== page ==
Oil and gas groups are lining up to defend the industry's exemption from a worker-safety standard.
The Occupational Safety and Health Administration has proposed ending the industry's exemption from a safety program called Process Safety Management, which forces companies to adopt a more systemic approach to workplace safety.
But industry groups say requiring the industry to meet those regulations would be cumbersome and expensive for companies.
"Applying PSM to the exploration and production segment of the oil and gas industry is like prescribing painkillers for a paper cut," wrote J. Roger Kelley, chairman of the Domestic Energy Producers Alliance.
DEPA, a group co-founded by Continental Resources CEO Harold Hamm, submitted comments to OSHA on the changes last week, along with the American Petroleum Institute, the Marcellus Shale Coalition and the Independent Petroleum Association of America.
But the U.S. Chemical Safety Board, an independent government agency charged with investigating chemical facility accidents, is urging OSHA to end the industry's exemption.
"The catastrophic release potential of oil and gas facilities justifies their inclusion under OSHA's Process Safety Management regulation," CSB officials wrote.
The oil and gas industry's fatality rate is more than seven times higher than the all-industry average of 3.2 deaths per 100,000 workers, according to data from the Bureau of Labor Statistics. Last year, BLS reported an oil and gas fatality rate of 24.2 deaths per 100,000 workers, higher than the 21.2 reported by the notoriously dangerous agriculture, forestry, fishing and hunting sector. Last year, the industry lost a record number of workers (EnergyWire, Aug. 23, 2013).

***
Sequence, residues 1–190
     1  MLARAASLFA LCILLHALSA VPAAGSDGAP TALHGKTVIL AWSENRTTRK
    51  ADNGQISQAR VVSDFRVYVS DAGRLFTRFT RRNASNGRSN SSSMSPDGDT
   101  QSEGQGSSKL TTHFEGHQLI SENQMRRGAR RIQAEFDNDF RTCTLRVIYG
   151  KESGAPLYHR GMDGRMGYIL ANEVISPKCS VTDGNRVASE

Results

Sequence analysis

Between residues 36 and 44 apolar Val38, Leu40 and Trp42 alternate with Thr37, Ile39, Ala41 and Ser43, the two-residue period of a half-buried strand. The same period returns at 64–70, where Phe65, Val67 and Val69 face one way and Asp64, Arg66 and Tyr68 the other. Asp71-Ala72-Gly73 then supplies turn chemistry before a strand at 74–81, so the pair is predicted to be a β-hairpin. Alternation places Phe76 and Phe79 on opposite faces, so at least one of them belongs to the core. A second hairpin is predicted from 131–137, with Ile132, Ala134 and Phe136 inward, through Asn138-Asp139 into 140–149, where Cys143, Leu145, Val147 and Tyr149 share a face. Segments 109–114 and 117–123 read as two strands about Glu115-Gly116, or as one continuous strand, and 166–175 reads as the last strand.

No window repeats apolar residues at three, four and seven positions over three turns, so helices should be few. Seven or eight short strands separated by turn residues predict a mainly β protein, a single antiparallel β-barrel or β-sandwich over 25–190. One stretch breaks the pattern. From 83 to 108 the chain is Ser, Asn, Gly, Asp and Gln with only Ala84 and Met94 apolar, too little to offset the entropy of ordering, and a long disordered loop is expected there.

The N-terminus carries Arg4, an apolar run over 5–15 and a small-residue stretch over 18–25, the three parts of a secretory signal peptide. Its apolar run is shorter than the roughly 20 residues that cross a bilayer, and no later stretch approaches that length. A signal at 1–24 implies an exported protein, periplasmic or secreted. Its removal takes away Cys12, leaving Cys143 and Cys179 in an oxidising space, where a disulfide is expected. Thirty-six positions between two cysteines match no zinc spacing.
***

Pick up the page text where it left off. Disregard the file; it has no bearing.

In the early 1990s, OSHA officials excluded oil and gas drilling from the PSM program it developed after a series of disasters at refineries and chemical plants.
Instead, OSHA promised to issue a "separate standard" to fit the industry's "uniqueness." But shortly after the promise was made, presidential administrations changed and the initiative stalled (EnergyWire, Feb. 25).
In other industries, PSM helped lower fatalities and generated more information to help prevent accidents.
The renewed interest in changing the PSM stems from an executive order signed by President Obama after the April 2013 fertilizer plant explosion in West, Texas.
Oil and gas producers have generally argued that their industry is fundamentally different than other refineries and other facilities covered by PSM because their work sites are highly mobile and often situated in remote locations.
IPAA, which submitted comments in conjunction with the American Exploration & Production Council, cite CSB data to show that explosions at tank batteries are "infrequent."
The groups also downplayed risks from oil and gas tank batteries, writing that "due to their limited volume, flammable liquids in atmospheric storage tanks associated with E&P facilities (such as crude oil tank batteries) do not have the potential for catastrophic release."
But CSB said its data actually show the high frequency of such fatal explosions and other "high consequence incidents" in the exploration and production field.
"Although the work activity varied, PSM coverage would have required assessing and taking appropriate measures to control identified hazards prior to conducting the work," the agency's comments said.